The pipelines in Tema Oil Refinery (TOR) laid for the transmission of crude oil, liquefied petroleum gas (LPG), gasoline, among other highly inflammable products, to the refinery and other critical installations in the Tema metropolis have not been refurbished after 2010. Due to the lack of proper maintenance the pipes were corroded and the main valves were equally in deplorable conditions. It resulted in persistent leakage of petroleum products from pipelines at the oil jetty into the port.
As a result, petroleum products could be seen flowing freely from the damaged portions of the lines into the Fishing Harbour and the PSC Tema Shipyard giving rise to fears that the 2005 Good Friday disaster could recur. So, emergency repair works were carried out on its pipelines to prevent possible explosion at the Tema Port.
The oil jetty is a birthing facility where oil tankers dock at ports of entry to offload cargo which is piped or transmitted to the storage facilities onshore.
The acting Managing Director of TOR, Mr Kwame Awuah-Darko, after an inspection tour of the lines, took efforts to refurbish and replace the lines that ought to be replaced totally to prevent any possible catastrophe. What is happening is only emergency repair work. He said major repair works would be carried out later.
TOR had carried out inspection on the lines as far back as 2011 but were unable to replace worn out pipes due to financial challenges that had crippled the operations of the refinery since 2009. However, though the lines are bad, the transmission of products is still being done since there are no other alternatives for such purposes. Fear of a fire breakout and eventual shut down of the port that could have revenue implications for the country’s ailing economy had prompted the TOR to take up the emergency repair.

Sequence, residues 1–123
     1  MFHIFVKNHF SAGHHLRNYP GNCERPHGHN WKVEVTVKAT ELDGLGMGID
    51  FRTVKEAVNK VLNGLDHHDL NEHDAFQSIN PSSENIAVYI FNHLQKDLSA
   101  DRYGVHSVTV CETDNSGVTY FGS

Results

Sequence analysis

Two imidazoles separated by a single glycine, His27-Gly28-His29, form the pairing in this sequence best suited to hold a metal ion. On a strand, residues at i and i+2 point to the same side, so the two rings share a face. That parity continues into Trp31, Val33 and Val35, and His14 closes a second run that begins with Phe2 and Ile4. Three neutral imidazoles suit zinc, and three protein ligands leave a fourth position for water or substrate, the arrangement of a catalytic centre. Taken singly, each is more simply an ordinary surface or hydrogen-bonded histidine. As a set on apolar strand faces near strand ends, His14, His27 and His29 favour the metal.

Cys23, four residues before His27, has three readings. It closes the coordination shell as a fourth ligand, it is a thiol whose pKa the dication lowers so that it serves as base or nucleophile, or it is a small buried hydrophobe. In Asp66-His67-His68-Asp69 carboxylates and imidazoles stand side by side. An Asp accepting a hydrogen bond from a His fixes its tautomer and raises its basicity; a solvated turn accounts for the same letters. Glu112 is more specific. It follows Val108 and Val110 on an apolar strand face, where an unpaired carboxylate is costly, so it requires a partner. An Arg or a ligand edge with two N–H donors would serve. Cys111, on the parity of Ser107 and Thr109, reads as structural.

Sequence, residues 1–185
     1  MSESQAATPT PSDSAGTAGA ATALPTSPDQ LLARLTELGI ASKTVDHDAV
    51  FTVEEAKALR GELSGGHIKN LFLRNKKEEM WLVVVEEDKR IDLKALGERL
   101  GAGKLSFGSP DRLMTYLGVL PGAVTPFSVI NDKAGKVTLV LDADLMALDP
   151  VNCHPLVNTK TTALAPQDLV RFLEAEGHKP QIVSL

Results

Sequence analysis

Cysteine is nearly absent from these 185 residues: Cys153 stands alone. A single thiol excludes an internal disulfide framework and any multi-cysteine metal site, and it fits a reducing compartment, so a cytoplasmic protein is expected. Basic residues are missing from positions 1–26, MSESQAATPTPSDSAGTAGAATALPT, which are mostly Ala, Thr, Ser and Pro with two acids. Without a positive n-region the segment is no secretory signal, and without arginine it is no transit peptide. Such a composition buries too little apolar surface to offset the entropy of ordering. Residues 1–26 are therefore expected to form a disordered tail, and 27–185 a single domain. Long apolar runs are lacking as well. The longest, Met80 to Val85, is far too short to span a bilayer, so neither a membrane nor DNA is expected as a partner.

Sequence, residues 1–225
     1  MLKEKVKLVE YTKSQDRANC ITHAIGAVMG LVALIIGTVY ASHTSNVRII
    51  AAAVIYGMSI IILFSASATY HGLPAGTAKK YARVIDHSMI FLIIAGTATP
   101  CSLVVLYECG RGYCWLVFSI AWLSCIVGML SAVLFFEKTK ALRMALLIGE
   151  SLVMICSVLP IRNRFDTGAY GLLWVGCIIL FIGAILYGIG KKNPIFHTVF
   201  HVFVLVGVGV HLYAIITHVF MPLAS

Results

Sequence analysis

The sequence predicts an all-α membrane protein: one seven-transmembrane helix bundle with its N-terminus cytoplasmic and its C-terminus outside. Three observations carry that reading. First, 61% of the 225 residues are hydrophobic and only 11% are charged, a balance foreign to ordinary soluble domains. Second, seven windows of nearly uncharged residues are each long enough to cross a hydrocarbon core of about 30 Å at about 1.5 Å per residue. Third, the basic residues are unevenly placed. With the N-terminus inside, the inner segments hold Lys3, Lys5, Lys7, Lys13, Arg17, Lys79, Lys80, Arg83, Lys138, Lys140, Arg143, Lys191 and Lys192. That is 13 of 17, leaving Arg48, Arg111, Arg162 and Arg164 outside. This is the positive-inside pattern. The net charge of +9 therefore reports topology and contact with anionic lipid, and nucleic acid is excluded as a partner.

The situation ought to be addressed in earnest to avoid a recurrence of the 2005 tragedy in which a vessel at the shipyard caught fire after it came into contact with oil spillage on the surface of the sea from a leaking pipeline. Mr Daisie of GPHA, cited a near fire outbreak when during the transmission of aviation fuel from the jetty through the lines, high volumes of the product were spilled over during the transfer.
“We had to immediately halt the operations and evacuate personnel to safety to avoid disaster,” he stressed. He was of the view that the GPHA might be prompted to ask officials of TOR to halt operations of the lines until all safety concerns had been addressed.
“The tragedy at the world’s largest port, the Tianjin Port has become a wake-up call for port authorities across the globe to avert a similar incident. We can only hope that officials of TOR will address the challenges as soon as possible,” Mr Daisie emphasised.
Source: Ghana News